Mindful Mondays

Mindful Mondays: How to Sleep

Mindful Mondays: How to sleep
Are you dreaming of a better night’s sleep?

Mindful Mondays: How to Sleep

Staring at the ceiling through the darkness of my room.  Although the clock is silent, I can  still feel the restless minutes pass by as I struggle to fall asleep.

My covers hurt. My covers are hot. Why are the covers so heavy? Why does this bed feel lumpy tonight? There isn’t enough background noise, I should turn on the fan. Ow, now I am cold. …sigh…. maybe if I just turn over…. yes, that will work. I am comfortable now. I’ll just lay here and not think of anything.. and sleep…should..come…


 Insomnia: /inˈsämnēə/ is defined as the inability to fall sleep, stay asleep, feeling restlessness or waking up early.  Some of the causes of insomnia are widespread including, anxiety, depression, lack of exercise, poor sleeping habits, chronic illness, pain and even some medications.  It is estimated that over 3 million people in the US suffer with insomnia.

At some point, most of us will experience insomnia at least once in our life.  Sometimes it only hangs around for a week or so, but others experience insomnia throughout their lifetime, making bedtime an anxious time as they fear not getting the adequate sleep that they need to function throughout the day.

How to use Mindfulness to Develop Healthy Sleep Hygiene?

Using mindfulness exercises and relaxation techniques can reduce stress and anxiety experienced at bedtime, making falling into a sleeping state easier.

Stay in the present:

As soon as your head hits the pillow your brain zaps wide awake.  Thoughts come rushing through your conscious reminding you of all the little things you forgot to do throughout the day.  Even if you fight the urge to get out of bed to take care of something, your brain ups the ante with opening the flood gates of “worrying”.

Before you know it you are thinking about financial problems, issues at work, your relationships, why your boss didn’t smile at you when you passed each other in the hall, how would you get prepared for a big project that is due next week and the list of “what ifs” go on forever…. There is rarely a happy ending to this scenario.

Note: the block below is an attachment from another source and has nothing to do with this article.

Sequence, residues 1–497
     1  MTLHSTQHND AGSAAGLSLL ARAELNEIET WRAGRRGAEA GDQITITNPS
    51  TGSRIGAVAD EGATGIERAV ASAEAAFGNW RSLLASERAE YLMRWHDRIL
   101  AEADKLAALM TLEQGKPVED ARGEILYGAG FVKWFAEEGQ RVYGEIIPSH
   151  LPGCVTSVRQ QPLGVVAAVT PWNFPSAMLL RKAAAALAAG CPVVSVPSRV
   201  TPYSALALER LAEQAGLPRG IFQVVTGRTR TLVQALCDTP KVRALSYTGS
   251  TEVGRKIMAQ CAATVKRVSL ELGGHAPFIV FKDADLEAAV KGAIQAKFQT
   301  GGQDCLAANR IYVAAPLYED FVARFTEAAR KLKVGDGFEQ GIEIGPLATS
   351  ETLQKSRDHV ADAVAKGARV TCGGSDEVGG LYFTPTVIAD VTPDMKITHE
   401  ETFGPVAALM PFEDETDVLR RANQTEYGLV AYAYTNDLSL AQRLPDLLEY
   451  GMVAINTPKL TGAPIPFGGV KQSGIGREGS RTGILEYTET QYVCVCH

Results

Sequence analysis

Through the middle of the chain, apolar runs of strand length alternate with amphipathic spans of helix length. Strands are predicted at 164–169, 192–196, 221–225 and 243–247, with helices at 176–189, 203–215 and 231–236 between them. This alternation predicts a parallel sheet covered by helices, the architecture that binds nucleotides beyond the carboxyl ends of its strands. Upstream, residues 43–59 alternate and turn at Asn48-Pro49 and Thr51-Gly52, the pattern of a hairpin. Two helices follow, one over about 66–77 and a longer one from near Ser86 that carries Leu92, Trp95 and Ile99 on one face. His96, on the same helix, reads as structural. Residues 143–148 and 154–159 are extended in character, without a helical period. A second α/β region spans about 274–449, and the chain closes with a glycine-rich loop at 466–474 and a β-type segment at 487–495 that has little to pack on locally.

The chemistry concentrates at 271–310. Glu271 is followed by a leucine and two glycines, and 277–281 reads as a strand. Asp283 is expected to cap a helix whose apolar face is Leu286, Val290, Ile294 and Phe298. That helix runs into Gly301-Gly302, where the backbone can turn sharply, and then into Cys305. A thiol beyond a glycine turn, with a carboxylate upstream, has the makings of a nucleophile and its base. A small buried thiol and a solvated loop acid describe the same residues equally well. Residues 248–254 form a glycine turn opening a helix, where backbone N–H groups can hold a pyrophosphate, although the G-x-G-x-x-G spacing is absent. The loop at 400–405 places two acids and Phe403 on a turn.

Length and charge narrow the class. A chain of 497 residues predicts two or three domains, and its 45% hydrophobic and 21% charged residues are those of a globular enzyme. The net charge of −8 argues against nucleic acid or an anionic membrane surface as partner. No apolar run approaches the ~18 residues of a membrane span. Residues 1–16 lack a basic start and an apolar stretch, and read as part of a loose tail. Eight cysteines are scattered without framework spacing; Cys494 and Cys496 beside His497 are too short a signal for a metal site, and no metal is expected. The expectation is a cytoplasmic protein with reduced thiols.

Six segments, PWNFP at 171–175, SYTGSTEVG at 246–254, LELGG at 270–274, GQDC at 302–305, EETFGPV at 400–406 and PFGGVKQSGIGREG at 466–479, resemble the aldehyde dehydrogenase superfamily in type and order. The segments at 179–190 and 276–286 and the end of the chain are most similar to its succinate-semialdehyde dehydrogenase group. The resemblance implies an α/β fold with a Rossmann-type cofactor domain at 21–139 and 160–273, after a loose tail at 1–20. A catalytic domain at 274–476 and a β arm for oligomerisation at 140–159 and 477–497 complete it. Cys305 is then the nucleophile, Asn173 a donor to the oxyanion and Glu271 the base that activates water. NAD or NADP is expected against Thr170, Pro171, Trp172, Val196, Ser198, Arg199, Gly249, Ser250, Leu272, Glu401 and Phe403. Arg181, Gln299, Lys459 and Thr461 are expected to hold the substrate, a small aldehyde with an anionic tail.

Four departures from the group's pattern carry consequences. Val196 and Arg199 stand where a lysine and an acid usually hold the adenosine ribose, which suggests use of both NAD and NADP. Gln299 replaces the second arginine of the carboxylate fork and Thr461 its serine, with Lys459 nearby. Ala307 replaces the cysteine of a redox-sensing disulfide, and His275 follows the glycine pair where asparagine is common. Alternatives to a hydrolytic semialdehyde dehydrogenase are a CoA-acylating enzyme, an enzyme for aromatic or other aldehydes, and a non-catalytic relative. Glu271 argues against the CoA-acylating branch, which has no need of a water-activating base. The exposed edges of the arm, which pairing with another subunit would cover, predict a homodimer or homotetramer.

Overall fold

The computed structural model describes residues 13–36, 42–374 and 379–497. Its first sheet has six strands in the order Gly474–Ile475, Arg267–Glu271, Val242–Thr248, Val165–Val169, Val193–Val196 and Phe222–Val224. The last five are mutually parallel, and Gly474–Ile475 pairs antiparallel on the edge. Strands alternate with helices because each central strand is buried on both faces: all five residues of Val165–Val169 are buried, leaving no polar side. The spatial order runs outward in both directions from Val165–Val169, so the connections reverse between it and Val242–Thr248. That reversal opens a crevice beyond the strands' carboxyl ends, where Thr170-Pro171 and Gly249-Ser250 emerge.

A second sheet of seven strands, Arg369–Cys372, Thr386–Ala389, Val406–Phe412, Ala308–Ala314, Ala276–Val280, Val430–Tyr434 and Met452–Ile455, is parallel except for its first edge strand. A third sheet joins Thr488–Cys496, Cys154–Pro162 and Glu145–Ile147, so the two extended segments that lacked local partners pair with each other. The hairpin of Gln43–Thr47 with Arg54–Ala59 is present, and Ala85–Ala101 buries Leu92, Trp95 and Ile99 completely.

You and your what-ifs will not ride happily ever after into the sunset.  Instead they will drive you to insanity and anxiety right into the sunrise, ultimately effecting your day to day function, your ability to function, your concentration and your health.

Develop a routine for bedtime

Whatever your normal bedtime routine is make sure it doesn’t include high intensity exercise (which wakes the brain up) or caffeine (for obvious reasons).  Stick to this routine and allow yourself to become relaxed as you take a shower or bath.  Use essential oils to help relax you. Try turning off all electronic devices at least 30 minutes before bedtime. (The light from the screens tells our brain that it is time to be awake, which is the opposite of what we are trying to accomplish.)  A healthy routine will be different for each person but choose things that specifically relax you. A cup of tea, a light snack, a slow yoga routine, reading a book can all be great things to relax with before bed.

Think before bed, not during bedtime

  • Set aside 10 minutes to “think” before you go to bed. Sit down in a quiet room with a pen & notebook.
    • 1st column: Things I forgot to do
    • 2nd Column: Things to do tomorrow
    • 3rd Column: Things that I did well today

Writing these tasks on paper will help you not only fall asleep tonight but will help you begin your day, knowing what you want to accomplish.

Recognizing  the things that you did well or that brought you joy, is also a way to cultivate gratitude. Gratitude in turn can help ease feelings of anxiety, making bedtime more comfortable.

Turn off your “Doing-Brain “